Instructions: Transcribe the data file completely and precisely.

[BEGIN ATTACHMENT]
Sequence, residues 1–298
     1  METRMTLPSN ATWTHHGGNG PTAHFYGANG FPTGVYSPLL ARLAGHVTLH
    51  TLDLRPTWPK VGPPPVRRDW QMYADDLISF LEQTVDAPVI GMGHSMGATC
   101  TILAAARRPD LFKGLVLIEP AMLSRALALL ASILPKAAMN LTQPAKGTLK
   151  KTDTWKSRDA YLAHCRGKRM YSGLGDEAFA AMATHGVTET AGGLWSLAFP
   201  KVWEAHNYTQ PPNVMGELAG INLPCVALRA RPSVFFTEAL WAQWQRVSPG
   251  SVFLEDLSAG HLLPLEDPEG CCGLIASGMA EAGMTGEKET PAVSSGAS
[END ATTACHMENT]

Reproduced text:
Sequence, residues 1–298
     1  METRMTLPSN ATWTHHGGNG PTAHFYGANG FPTGVYSPLL ARLAGHVTLH
    51  TLDLRPTWPK VGPPPVRRDW QMYADDLISF LEQTVDAPVI GMGHSMGATC
   101  TILAAARRPD LFKGLVLIEP AMLSRALALL ASILPKAAMN LTQPAKGTLK
   151  KTDTWKSRDA YLAHCRGKRM YSGLGDEAFA AMATHGVTET AGGLWSLAFP
   201  KVWEAHNYTQ PPNVMGELAG INLPCVALRA RPSVFFTEAL WAQWQRVSPG
   251  SVFLEDLSAG HLLPLEDPEG CCGLIASGMA EAGMTGEKET PAVSSGAS